molecular clock question

bioc06 at otago.ac.nz bioc06 at otago.ac.nz
Mon Sep 9 16:03:59 EST 1991


In article <9109052236.AA17124 at bambi.ccs.fau.edu>, tomh at BAMBI.CCS.FAU.EDU (Tom Holroyd) writes:
> Systems that behave this way show power law scaling of the bursts with
> respect to time.  The cute way of saying this is "an order of magnitude
> more bursts, an order of magnitude less often."  This means that the bursts
> of change happen on all time scales, or, that there is no characteristic
> time for change in such systems.  This would correspond to the "rate"
> of evolution, if it existed, but these arguments suggest that the rate,
> or characteristic time, is undefined: a power law scaling would be the
> more appropriate description.

Bursts of evolution may reflect, among other things, fluctuations in the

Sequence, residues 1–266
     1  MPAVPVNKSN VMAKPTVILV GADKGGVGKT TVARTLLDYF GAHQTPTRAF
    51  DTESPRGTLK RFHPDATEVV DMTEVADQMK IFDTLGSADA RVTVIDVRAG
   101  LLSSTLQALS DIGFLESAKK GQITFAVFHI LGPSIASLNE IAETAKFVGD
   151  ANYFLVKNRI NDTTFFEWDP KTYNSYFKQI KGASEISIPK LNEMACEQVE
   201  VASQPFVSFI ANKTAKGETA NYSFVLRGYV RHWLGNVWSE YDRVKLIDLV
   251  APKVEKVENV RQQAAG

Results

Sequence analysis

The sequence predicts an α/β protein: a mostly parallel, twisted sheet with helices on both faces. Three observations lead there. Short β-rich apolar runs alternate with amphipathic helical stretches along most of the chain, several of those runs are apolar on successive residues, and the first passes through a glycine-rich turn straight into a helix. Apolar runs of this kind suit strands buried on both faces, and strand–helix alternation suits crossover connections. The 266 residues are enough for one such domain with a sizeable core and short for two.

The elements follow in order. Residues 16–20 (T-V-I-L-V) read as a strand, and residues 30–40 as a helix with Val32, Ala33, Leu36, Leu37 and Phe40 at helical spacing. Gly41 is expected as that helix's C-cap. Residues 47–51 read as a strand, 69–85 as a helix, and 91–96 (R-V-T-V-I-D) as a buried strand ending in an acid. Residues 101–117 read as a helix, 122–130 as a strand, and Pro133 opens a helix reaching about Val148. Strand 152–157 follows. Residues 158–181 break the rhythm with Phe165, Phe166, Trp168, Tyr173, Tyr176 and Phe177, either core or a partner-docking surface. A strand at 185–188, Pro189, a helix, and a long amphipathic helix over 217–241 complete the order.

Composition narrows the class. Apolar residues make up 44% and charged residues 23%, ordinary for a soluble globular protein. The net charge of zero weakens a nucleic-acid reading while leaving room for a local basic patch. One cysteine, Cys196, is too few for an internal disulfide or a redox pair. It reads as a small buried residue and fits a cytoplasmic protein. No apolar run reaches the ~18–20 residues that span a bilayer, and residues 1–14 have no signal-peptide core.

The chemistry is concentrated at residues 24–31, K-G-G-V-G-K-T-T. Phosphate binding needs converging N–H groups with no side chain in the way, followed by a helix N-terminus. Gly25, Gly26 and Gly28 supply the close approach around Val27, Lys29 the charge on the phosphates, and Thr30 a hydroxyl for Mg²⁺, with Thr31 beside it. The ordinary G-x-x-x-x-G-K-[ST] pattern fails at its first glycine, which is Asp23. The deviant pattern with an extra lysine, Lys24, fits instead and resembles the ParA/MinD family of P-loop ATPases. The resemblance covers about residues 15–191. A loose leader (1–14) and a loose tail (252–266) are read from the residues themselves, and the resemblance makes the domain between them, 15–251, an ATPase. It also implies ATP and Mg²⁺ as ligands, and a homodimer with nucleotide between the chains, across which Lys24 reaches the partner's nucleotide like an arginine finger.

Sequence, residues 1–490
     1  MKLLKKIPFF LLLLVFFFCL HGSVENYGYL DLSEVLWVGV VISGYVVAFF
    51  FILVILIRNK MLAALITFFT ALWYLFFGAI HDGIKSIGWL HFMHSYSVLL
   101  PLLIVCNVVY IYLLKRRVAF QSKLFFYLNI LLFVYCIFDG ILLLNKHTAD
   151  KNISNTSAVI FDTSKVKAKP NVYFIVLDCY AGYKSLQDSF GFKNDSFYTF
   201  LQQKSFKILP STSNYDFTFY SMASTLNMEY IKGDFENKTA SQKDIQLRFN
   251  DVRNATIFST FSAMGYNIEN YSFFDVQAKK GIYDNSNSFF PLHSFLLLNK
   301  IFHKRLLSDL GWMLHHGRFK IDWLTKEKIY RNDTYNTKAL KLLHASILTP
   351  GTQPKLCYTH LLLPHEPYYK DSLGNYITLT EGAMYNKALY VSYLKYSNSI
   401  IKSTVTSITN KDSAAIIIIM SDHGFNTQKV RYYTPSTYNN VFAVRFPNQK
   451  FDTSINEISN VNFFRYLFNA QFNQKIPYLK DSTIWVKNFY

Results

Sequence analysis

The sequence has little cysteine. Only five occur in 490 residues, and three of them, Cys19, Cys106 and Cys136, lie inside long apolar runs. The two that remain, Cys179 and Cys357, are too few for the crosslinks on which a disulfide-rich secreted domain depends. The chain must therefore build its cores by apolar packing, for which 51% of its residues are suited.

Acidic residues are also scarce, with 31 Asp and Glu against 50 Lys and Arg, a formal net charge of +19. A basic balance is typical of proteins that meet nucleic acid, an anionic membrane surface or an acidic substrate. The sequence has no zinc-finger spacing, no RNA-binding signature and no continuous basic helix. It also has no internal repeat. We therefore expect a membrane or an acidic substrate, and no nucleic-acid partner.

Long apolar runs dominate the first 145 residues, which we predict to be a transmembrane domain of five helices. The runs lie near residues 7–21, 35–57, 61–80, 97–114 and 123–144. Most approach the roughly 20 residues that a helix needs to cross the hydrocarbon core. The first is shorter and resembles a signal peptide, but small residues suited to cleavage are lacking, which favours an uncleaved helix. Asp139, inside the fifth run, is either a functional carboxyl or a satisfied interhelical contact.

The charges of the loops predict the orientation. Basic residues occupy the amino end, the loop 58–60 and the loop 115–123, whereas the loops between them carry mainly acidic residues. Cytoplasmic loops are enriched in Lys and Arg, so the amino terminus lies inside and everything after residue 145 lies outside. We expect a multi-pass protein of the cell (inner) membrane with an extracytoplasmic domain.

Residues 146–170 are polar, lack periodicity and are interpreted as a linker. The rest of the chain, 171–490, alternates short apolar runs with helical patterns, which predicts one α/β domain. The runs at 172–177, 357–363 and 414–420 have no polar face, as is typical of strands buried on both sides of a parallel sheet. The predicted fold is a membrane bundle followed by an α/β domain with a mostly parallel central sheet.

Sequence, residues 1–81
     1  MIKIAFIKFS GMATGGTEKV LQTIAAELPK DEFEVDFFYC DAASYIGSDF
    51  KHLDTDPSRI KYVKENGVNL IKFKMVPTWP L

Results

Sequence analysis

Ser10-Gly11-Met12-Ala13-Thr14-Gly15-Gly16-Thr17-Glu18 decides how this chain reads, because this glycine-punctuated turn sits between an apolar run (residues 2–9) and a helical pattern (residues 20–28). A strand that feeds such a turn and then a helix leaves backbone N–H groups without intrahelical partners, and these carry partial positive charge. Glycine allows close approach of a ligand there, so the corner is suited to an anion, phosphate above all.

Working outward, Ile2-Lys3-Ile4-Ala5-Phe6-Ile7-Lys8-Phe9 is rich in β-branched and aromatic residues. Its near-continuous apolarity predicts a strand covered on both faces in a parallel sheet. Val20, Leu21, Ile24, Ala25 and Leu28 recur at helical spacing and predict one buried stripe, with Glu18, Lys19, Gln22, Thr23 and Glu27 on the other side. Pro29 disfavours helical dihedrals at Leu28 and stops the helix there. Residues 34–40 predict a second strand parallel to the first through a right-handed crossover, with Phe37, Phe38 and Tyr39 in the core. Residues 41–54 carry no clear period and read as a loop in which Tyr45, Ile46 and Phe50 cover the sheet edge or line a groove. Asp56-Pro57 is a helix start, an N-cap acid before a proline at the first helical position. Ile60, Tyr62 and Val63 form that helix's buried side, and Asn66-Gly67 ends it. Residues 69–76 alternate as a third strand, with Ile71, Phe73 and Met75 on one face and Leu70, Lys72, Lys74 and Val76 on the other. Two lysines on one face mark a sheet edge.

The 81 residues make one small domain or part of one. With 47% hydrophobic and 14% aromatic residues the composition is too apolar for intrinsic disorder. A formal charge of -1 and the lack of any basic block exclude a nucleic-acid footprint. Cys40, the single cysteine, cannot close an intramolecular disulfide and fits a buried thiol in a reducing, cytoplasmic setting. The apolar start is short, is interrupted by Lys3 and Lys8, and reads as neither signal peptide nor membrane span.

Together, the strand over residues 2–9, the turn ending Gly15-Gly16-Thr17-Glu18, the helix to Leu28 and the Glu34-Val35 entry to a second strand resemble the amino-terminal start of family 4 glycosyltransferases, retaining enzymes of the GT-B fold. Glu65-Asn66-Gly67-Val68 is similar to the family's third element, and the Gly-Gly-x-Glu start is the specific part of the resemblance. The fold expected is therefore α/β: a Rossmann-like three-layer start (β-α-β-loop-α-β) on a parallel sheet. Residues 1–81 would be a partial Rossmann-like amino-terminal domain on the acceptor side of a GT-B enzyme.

effective population size of a species.
> 
> Another avenue of attack is that the genetic structure of an organism
> is hierarchical.  If you start with the assumption that point mutations
> are equally probably anywhere along the genome (a perhaps not too safe
> assumption, but it would only help my argument if it was false), then you
> can examine each point on the genome and ask the question "would a
> mutation here produce a viable creature?"  If the answer is "no",
> then you can ask "would an additional mutation somewhere else help?"
> What I'm driving at is that some points are going to need mutations
> at other points first, if the creature is to survive.  In fact, there
> may be a large cascade of changes necessary before a single mutation
> can be viable.

Perhaps not quite true, especially for higher organisms where the diploid
structure (or even more complex duplication events) can allow an unfavourable
(even lethal) mutation to achieve a significant frequency (with the death of
only a few homozygous individuals).  Then, a further mutation which may confer
a selective advantage over the existing gene can occur at any time.

Peter Stockwell
Biochemistry Department,
Otago University,
New Zealand.



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